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Become a Book Agent: Education and Career Roadmap

Learn how to become a book agent by watching this video. The education, specific training, and experience required to start a career in the literary agency field will be covered. View article »

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  • 0:00 Book Agents
  • 0:40 Education & Internships
  • 2:15 Experience &…
  • 3:00 Representing Clients

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Video Transcript

Book Agents

Degree Level Bachelor's degree
Degree Fields English, journalism, communications, business management, or related field
Experience Related experience required
Key Skills Communication, reasoning, problem-solving, editing, management, reading, and computer skills
Salary $62,940 (2015 median salary for all agents and business managers)

Source: U.S. Bureau of Labor Statistics

A book agent, also known as a literary agent, discovers new authors, submits an author's work to publishers and editors, and secures book deals and contracts for his or her clients. A successful book agent has a passion for literature, business skills and negotiation expertise.

The fast-paced job of a book agent involves a good deal of reading and sales acumen. Literary agents are often self-employed and frequently work on commission. According to the U.S Bureau of Labor Statistics, agents and business managers earned a median annual salary of $62,940 as of May 2015.

Education & Internships

Although there are no specific degree requirements for this career, many literary agents have at least a bachelor's degree. A bachelor's degree in English is a common degree choice for prospective literary agents, as are communications, journalism, and related fields. Students in these programs cover topics specifically related to the career, including literary theory and fiction writing. Some schools also offer certificate programs for aspiring book agents through their continuing education departments.

Consider Taking Related Elective Courses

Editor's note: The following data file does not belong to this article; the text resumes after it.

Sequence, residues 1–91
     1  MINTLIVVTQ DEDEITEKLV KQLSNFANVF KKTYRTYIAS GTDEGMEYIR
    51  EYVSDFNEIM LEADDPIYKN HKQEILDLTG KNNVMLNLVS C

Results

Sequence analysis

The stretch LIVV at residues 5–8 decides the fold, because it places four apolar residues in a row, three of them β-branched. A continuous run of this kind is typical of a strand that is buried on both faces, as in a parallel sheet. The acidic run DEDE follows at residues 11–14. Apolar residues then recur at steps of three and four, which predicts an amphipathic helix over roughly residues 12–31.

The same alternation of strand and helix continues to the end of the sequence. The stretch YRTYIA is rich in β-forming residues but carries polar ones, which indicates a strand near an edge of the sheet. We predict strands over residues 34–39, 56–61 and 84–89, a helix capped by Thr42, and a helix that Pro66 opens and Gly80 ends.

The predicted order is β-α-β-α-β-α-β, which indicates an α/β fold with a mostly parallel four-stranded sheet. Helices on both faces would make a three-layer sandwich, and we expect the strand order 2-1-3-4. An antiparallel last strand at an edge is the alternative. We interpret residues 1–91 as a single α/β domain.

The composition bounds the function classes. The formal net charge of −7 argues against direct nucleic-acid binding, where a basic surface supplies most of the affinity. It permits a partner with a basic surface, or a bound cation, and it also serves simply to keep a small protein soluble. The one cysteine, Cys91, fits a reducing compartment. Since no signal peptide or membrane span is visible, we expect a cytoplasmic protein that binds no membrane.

Courses in criticism and literature can provide valuable training in discussing manuscripts with authors and publishers. Strong written and verbal communication skills are also important for book agents. Elective courses in areas like rhetoric and writing can offer training in communicating clearly, and making valid arguments, among other important communication skills.

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Education & Internships

Completing an internship during undergraduate studies can provide potential literary agents with exposure to the field. Positions at publishing houses, newspapers, or other media outlets help students gain experience in writing and editing. An internship helps you make contacts that could lead to other jobs. It's also worth noting that obtaining advanced education, such as a master's degree in English or a related field, can help prospective agents develop skills in a specific area, such as professional, or creative writing.

Experience & Entry-Level Positions

After college, prospective book agents may gain entry to the profession by working in the publishing industry. Working as an editor can help agents hone their skills and exposes them to a multitude of manuscripts. An understanding of the publishing marketplace gives students a good working knowledge of how books are created, quality manuscript attributes, and selling techniques.

After gaining experience in the publishing industry, candidates may be qualified for entry-level work, such as an agent's assistant. This provides on-the-job training, which may last from a few months to a few years. In this position, future book agents learn about selecting manuscripts, writing promotional material, creating contracts and negotiating a book sale.

Representing Clients

After acquiring experience and building a proven track record selling books, candidates are ready to take on a full list of clients and become a book agent. Job duties of a book agent include reading manuscripts, promoting them to publishers, and then negotiating their sale and publication. Some agents may also be responsible for booking travel and appearances for their clients, as well as arranging promotions and providing financial advice. In addition, some book agents join professional organizations like the Association of Author's Representatives, in order to stay current with trends in publishing and to attract new clients.

Becoming a book agent involves earning the necessary education, participating in internships, obtaining any and all related experience, including getting an entry-level position in the publishing industry, and finding and rigorously representing clients.

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